0006 What does this imply?

At the time of their writing, these authors are not aware of the substantive hypothesis contained in The Human Niche.

In reference 2 of chapter one of Newson and Richerson’s book, the authors list a dozen books, none of which are listed above.  This implies that Newson and Richerson, like so many of us, live and study in a cognitive bubble.

Their book is not a substantive new look at human evolution.  Rather, it is a new look in terms of style, compared to the books on their list in reference 2 of chapter one. 


Looking at Lesley Newson and Peter Richerson’s Book (2021) “A Story of Us” (Part 16 of 16)

0135 Chapter eight brings the reader to modern times.

What has the first singularity wrought?

Need a visual?

Newson presents a photograph (Figure 8.1) of a steampunk skull cyborg sculpture.

Here is an example of how speech-alone talk operates.

Unlike hand-speech talk, speech-alone talk permits explicit abstraction.  In this sculpture, a resin-based human skull is explicitly extruded… oh, I meant to say… abstracted and converted into the foundation of what appears to be an audio-headphone machine.  Body (skull) and mind (machine) fuse into a monstrosity.

0136 What are the authors not saying?

They do not say that this work of art initiates implicit abstraction.  An innate relational structure for sensible constructiontells the viewer that social construction is needed.   I know this from my visceral reaction to the photograph.

(See Razie Mah’s Comments on Religious Experience (1985) by Wayne Proudfoot, available at smashwords and other e-book venues.)

0137 Here is a picture of the failing sensible construction.

Figure 41

0138 This disturbing work of art characterizes modernity.  Newson and Richerson tell a story in two interludes.  Culture, originally defined as “shared information”, is now disorienting.  The consequences?  Throughout the world, fertility declines.  Only local cultures, consciously avoiding modern urban cities, now have numerous children.

Surely, today, there are enough people.

The problem is that children are becoming more and more rare.

0139 Is this a problem of sign-processing?  Does today’s “information” trade “something that adorns us” for children?  Is there a foundational difficulty with speech-alone talk?  What happens when words no longer picture or point to their referents, as they once did in hand-speech (and hand) talk?  What happens when we construct artifacts in order to validate our spoken words?  What happens when the artifacts fail to deliver?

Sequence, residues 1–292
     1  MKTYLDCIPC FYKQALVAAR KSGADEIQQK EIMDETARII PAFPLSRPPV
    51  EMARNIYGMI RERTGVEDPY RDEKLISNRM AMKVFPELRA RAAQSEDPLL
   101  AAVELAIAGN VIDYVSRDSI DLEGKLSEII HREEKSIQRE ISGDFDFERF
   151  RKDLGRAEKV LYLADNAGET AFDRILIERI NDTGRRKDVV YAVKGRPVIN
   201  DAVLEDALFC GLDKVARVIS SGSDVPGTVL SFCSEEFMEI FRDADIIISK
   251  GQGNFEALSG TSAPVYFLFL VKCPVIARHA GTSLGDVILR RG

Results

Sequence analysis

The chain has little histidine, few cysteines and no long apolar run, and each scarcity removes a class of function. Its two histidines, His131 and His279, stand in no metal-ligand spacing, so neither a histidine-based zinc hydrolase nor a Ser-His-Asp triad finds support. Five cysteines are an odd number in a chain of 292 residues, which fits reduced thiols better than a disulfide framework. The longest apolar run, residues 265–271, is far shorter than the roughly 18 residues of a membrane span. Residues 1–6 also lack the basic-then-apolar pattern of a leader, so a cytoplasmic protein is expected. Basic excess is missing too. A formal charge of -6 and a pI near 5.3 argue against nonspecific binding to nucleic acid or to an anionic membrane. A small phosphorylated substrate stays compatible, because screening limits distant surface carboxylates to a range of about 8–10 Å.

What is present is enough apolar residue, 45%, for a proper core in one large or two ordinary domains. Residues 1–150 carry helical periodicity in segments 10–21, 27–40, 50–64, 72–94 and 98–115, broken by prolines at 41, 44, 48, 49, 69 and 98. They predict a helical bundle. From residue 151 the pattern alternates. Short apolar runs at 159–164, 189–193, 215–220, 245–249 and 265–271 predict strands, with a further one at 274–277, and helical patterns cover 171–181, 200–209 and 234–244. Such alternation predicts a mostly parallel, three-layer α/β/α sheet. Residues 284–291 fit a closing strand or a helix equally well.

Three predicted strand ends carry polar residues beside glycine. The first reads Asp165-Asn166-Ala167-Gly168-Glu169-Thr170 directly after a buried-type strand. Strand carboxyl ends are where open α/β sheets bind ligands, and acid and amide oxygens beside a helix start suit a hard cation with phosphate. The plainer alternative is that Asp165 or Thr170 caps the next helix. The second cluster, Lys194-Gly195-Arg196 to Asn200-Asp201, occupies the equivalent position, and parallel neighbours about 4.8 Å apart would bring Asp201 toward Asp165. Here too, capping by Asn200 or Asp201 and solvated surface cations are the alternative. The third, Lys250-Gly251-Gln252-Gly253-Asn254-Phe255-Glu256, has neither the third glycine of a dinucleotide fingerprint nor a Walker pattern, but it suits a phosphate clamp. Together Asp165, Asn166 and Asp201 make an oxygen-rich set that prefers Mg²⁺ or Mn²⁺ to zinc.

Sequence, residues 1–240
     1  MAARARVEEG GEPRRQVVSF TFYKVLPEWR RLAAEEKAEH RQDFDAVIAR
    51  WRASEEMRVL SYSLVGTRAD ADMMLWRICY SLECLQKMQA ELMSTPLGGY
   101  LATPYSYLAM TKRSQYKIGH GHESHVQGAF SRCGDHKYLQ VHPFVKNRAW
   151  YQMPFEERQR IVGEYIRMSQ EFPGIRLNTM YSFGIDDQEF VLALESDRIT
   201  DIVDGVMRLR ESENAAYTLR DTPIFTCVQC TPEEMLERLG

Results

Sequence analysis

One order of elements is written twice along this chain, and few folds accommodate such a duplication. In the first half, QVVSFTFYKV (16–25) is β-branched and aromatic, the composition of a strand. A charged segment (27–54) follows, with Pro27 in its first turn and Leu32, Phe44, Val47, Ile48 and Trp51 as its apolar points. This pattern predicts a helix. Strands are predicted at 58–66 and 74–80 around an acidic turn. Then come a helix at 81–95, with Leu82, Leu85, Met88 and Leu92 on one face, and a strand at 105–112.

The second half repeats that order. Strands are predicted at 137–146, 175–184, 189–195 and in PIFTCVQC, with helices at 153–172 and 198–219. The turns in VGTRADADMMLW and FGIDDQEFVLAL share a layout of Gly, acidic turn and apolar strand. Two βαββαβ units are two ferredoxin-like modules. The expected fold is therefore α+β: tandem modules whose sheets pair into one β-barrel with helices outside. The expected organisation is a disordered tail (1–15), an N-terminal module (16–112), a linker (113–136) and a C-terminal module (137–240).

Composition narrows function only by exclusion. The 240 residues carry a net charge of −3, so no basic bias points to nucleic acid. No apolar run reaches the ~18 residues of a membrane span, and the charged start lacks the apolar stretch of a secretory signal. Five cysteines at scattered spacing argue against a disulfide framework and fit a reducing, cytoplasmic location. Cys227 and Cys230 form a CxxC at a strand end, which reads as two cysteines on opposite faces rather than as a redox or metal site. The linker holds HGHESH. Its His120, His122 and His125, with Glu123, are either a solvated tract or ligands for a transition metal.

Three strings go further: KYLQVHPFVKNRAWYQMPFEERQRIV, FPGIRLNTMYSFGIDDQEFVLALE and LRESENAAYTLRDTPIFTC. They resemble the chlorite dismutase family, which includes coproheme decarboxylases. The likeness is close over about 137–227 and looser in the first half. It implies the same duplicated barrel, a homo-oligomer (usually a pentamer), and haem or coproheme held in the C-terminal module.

These types of questions are raised in Razie Mah’s masterwork, An Archaeology of the Fall, available at smashwords and other e-book venues.

0140 All the words that we use today in public discourse seem to have two meanings: a traditional one and a new-fangled technical one.

Need an example?

Consider the new-fangled, yet technical terms, “phenotype” and “adaptation”, in the following figure.  

Figure 42

Compare that to the simpler scientific use of the terms in points 34 through 38.

Figure 43

0142 The new-fangled terms cross categorical levels within a complete three-level interscope.  The aesthetics of such conjunctions make this book very attractive.

The old-fashioned scientific terms cannot be reconciled.  Adaptations associate to the discipline of natural history.  Phenotypes associate to the discipline of genetics.  Each biological discipline would seem to be independent except for one awkward fact.  Both sciences deal with a single entity, which one may call an individual, a species or a genus.

0143 In the epilogue, the authors proclaim (more or less), “Let us abandon the idea of ‘human nature’.”


“Human nature” is just a spoken term.  The traditional meaning loads the term with political messages and connotes the presence of immutability.  The new-fangled meaning looks at the term in the same way that a traditionalist gazes upon a steampunk cyborg sculpture. Surely, there is something wrong with this term.

Here is how the category-based nested form, which may be an innate cognitive principle for humans, understands how to define the term, “human nature.

Figure 44

0144 Perhaps, abandoning the idea of “human nature” will free us from the notion that our gut feelings, our hearts, and our minds can help us mate and raise a family.

But, abandoning “human nature” would leave us open to cultural influences.

0145 Cultural influences?